016 volatile is an understatement – the slowdown in China, Britain’s vote to leave the European Union and the US presidential campaign have all shaken markets around the world. That volatility looks set to continue. As this report is published, the impact of Brexit on medium-term confidence in stock markets and investor willingness to back new issues remains to be seen. In the weeks following the referendum, the pound shifted from a US$1.50 high to below US$1.30, becoming the world’s worst performer. US equity values declined and then recovered, increasing to record levels, even as interest rates dropped and the US Federal Reserve hinted at interest rate increases to come. All of this is occurring at a time when public markets have paused to digest some of the initial public offerings (IPOs) launched in 2014 and 2015. A significant number of IPOs from 2015 are also delivering disappointing returns. As of 20 August 2016, the average return for a 2015 IPO stock was -2%, according to Renaissance Capital data – manager of IPO-focused ETFs. However, despite the turbulence, there is reason for hope for IPOs this year. According to Rennaissance, shares of firms that have gone public in 2016 are up on average by 35%. Further, the CBOE Volatility Index, a gauge for volatility in the market, is standing at a two-year low. And our exclusive survey of C-suite executives from 100 private companies around the world demonstrates that many companies are positioning themselves to launch an IPO when market conditions stabilise, either temporarily or for a more sustained period. The attraction of going public remains strong. While there are some differences by region as to when the IPO window will re-open, over half (58%) of respondents believe that this will happen in the next 12 months. Many companies believe that an IPO is the best route to growth, an increased valuation and a raised public profile. They understand that they will need to move swiftly as the opportunity may not be there for long – IPO windows can shut just as quickly as they open. Our survey shows that companies are taking steps to prepare for their IPO. These steps include ensuring that financial reporting is GAAP or IFRS compliant; their corporate governance practices are more like that of a public company; and that they have shown a solid quarter-on-quarter growth or otherwise developed a compelling value proposition. There is a backlog of companies that are waiting on the side-lines for the right opportunity. Companies that haven’t begun preparing, or that aren’t at the right value inflection point in their lifecycle, may find it difficult to get into a positon where they can take advantage of a period of calm in a choppy market. While some firms may be able to achieve their listing in volatile times, there is also a need to be flexible and pursue alternatives. Even if an IPO is the ultimate end goal, volatility requires companies to consider and prepare for alternative sources of capital such as private placement, private equity funding or, perhaps, to look for a merger partner. The companies most likely to succeed are those that not only expect the unexpected, but plan for it by being nimble and keeping their options open. Danielle Carbone Reed Smith corporate partner and head of the US capital markets group, New York James Wilkinson Reed Smith corporate partner, London F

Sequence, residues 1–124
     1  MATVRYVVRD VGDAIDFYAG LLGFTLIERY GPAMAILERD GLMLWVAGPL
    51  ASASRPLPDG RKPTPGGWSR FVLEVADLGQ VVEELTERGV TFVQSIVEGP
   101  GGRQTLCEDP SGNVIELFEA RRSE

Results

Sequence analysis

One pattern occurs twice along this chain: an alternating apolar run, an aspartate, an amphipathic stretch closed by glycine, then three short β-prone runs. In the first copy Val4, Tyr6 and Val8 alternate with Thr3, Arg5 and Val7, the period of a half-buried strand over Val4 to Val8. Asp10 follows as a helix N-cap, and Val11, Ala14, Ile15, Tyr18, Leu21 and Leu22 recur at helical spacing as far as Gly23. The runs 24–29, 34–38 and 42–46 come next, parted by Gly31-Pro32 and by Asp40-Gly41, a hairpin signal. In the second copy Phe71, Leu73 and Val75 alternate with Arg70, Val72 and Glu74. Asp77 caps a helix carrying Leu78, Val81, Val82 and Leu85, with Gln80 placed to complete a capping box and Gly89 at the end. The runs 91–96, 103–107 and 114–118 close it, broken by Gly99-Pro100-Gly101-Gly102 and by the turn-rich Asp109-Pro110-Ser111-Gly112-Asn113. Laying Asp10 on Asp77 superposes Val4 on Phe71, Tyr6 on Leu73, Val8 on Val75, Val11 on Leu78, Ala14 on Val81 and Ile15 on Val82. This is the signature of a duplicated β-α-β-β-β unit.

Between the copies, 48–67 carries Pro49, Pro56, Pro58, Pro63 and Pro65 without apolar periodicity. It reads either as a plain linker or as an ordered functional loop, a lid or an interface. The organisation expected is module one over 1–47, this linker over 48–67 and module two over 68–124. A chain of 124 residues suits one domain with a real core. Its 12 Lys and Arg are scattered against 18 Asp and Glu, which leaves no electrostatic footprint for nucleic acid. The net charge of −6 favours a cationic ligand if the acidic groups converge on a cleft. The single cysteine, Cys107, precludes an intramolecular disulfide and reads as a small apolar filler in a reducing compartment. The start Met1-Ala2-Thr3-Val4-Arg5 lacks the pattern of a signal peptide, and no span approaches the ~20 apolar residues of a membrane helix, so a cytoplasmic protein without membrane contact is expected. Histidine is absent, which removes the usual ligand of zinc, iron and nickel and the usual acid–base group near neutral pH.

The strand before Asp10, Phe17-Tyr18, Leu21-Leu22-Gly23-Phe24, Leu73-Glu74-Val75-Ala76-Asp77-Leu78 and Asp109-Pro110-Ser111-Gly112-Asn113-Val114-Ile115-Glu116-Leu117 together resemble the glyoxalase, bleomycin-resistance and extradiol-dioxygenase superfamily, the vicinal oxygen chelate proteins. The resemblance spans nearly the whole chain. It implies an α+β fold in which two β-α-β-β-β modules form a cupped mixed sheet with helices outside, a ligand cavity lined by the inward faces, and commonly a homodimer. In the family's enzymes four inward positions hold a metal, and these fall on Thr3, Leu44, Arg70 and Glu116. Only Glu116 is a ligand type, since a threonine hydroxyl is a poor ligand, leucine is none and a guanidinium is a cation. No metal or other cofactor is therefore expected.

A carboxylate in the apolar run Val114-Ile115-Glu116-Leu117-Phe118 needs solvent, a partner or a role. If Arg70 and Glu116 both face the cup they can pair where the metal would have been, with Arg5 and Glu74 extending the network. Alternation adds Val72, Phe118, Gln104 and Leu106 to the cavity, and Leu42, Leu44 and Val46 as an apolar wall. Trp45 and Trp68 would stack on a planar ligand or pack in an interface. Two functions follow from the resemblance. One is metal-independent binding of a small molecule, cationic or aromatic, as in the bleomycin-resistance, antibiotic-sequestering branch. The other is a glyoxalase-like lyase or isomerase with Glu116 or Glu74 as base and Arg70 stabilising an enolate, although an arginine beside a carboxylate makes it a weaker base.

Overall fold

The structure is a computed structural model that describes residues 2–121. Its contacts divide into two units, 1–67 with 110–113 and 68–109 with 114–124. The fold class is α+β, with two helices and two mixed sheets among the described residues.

In the first half (H1) of 2016, Mergermarket questioned 125 respondents employed by privately held companies with the job titles CEO, CFO or Head of Strategy, from Europe, North America and Asia. It included 100 respondents whose companies are likely to consider undertaking an IPO within the next three years and 25 respondents whose companies are not likely to consider undertaking an IPO within the next three years. The 100 respondents who had indicated that their company was likely to consider undertaking an IPO within the next three years continued to answer the full set of survey questions. For the 25 companies that were not likely to consider an IPO within the next three years, we surveyed the alternatives to an IPO that are being considered by the respondents in this group, and two follow-up questions about the advantages and disadvantages – compared with an IPO – of these respondents’ most important alternative. The full-length survey respondent pool was comprised of the 100 respondents. They were split by geographical region in the following proportions: Europe 40%, North America 40% and Asia 20%. The respondent industry sector breakdown for each region mirrors the prevalence of the top three sectors for IPO activity during the period 2013-2016 in that region with the remaining respondents drawn from a variety of sectors. The breakdown is as follows: • Europe: healthcare (15%), industrials and chemicals (15%), technology, media and telecommunications (TMT), (15%), other (55%) (comprised of consumer/retail (27.5%), energy, power & utilities (15%), financial services (7.5%), construction (2.5%) and transportation (2.5%)) • North America: healthcare (35%), TMT (20%), financial services (12.5%), other (32.5%) (comprised of industrials and chemicals (15%), consumer/ retail (10%), transportation (5%) and leisure/hospitality (2.5%)) • Asia: industrials and chemicals (25%), TMT (15%), consumer/retail (10%), other (50%) (comprised of leisure/hospitality (20%), construction (10%), transportation (10%), aerospace & defence (5%) and energy, power & utilities (5%). Both surveys included a combination of qualitative and quantitative questions and all interviews were conducted over the telephone. Results were analysed and collated by Mergermarket and all responses are anonymised and presented in the aggregate.